“My relationship with an object, a place, a person…any entity…varies according to distance. I may want one type of digital interaction with a building when I am physically present, but something quite different when I am further away. However, they are to me – as the user – part of the same overall experience. That should be reflected in the design.” — #mexuservoice
The goal of this ongoing theme within the MEX community has always been to look beyond paths defined by the various proximity-based interaction technologies – from NFC to Bluetooth – and instead consider how users might want each connection to feel.
Andrew’s MEX/10 team started by looking back. They went in search of the origins of interactions with connected objects, hypothesising that if users were already familiar with a concept, they would be more likely to adopt a derivative of it in the future.
The team produced a chart, showing a linear progression of interactions between humans and smart objects from the past, present and into the future. It also showed the development of user feeling, across four categories:
- Situational context
Product and service examples were then plotted onto this map, showing how a trend like wearables paired to smartphones may develop into all objects having virtual, cloud-based histories, ranging from who interacted with them to where they’ve been.
When Alex picked up the theme at MEX/15, they used a field trip to focus on the overall service experience. In one example, they looked at a common pain point, when users are stopped at a transport turnstile due to a lack of funds on their contactless card. The technology already exists to pre-empt that situation by identifying the user approaching the station through location awareness, noticing insufficient funds based on their regular journey pattern and alerting the customer to confirm a top-up of their account before they are stopped at the point of entry.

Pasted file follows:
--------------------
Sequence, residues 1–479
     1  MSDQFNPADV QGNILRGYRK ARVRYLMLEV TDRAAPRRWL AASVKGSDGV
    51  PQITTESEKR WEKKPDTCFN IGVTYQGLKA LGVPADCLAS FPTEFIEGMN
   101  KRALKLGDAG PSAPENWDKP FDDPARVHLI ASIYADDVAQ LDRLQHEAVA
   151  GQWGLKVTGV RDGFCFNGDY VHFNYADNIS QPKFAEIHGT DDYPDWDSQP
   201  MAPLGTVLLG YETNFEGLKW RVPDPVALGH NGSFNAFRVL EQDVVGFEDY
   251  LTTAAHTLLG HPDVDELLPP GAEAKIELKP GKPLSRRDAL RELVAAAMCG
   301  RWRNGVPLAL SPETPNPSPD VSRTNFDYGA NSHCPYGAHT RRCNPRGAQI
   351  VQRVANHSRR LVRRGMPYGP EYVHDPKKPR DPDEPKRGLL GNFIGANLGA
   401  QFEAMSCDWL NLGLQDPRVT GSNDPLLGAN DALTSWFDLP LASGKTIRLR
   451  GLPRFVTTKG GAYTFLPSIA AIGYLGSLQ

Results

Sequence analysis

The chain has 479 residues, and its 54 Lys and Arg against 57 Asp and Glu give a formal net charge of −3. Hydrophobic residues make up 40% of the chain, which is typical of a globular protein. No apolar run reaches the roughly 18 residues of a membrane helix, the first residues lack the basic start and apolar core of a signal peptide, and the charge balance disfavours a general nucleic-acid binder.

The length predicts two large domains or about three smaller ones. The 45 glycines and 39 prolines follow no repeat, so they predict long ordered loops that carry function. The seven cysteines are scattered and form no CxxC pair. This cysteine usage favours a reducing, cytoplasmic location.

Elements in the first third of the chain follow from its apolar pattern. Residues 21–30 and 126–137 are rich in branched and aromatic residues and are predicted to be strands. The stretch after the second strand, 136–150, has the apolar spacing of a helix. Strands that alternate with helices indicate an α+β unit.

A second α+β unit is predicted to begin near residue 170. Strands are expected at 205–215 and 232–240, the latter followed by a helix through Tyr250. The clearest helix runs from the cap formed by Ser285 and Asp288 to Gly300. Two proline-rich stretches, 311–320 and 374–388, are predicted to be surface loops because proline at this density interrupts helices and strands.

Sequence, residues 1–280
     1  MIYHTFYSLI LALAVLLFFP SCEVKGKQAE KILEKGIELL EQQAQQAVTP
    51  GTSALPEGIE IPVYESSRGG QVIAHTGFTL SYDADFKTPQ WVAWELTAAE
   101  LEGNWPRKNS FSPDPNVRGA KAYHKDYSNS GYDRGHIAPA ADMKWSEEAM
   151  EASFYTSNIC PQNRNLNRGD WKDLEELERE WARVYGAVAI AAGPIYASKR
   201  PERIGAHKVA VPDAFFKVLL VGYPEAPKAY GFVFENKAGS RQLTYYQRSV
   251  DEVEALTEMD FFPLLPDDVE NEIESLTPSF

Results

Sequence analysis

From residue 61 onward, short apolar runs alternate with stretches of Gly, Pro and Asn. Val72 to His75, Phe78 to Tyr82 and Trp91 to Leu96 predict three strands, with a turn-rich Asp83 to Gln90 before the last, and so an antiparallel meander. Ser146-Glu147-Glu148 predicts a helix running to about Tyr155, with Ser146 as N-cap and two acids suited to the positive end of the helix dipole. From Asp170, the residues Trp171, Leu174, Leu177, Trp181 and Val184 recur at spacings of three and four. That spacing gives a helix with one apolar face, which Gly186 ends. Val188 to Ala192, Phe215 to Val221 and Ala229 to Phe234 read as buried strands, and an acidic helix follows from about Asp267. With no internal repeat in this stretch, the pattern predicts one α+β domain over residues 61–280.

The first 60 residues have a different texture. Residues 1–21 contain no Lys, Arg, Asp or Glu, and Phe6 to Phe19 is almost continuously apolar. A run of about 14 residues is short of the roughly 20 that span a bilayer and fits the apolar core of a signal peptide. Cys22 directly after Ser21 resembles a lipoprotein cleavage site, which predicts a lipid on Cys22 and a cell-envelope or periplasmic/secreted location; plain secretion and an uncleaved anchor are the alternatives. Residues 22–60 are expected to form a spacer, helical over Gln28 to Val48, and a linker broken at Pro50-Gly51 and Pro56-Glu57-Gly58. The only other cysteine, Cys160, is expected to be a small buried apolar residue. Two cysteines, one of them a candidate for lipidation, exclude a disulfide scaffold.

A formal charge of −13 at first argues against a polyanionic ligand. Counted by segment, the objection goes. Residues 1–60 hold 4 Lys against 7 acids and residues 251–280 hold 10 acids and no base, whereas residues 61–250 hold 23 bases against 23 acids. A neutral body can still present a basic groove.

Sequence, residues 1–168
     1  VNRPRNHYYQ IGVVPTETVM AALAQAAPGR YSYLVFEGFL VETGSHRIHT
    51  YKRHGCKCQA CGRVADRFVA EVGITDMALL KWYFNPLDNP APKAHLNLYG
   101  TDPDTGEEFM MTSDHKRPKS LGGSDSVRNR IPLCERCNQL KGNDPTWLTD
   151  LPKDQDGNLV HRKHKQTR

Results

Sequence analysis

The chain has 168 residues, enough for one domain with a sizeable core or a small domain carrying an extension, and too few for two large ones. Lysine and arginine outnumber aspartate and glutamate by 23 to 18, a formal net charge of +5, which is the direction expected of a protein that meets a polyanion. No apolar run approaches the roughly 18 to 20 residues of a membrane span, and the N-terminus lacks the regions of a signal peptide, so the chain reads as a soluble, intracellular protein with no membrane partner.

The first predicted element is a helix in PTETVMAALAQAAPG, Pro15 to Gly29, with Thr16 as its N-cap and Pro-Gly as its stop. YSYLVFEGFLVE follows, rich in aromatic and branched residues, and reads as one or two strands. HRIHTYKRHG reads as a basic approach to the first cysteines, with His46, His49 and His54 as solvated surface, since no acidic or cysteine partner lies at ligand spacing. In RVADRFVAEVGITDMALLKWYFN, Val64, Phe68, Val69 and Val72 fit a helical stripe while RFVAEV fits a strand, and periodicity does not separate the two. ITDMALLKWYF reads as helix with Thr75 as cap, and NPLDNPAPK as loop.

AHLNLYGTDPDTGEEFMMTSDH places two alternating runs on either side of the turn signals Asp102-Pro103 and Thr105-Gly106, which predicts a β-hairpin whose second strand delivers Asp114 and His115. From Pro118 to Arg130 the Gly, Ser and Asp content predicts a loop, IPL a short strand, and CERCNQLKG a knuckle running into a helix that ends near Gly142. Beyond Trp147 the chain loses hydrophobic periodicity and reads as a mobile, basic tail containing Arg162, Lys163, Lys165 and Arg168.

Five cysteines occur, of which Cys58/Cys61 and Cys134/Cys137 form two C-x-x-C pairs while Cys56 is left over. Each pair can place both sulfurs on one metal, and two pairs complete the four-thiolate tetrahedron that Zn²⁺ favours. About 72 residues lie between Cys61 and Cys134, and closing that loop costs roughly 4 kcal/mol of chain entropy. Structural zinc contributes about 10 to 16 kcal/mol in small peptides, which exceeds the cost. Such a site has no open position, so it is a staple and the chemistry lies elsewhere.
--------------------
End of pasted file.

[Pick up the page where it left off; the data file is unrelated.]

In this instance, anticipating interaction at stages of approach would recognise the variance in interface requirements, attention spans and levels of engagement as the user’s distance from the transaction point increased:
- 0 – 1 metres. The moment of transaction – passing through the turnstile – the interaction may be instant, non-visual and based around muscle memory.
- 1 – 1000 metres. Preparation. On the walk to the station, the interaction may be fast and focused on a single task, like confirming a top-up of a low account balance.
- 1000+ metres. Research and review. More detailed, considered interaction flows, where the user may want to go in-depth on transaction histories.
The principle, part of an emerging series in the MEX journal, is summarised below in a tweetable, shareable graphic. Please share and thank you for citing appropriately.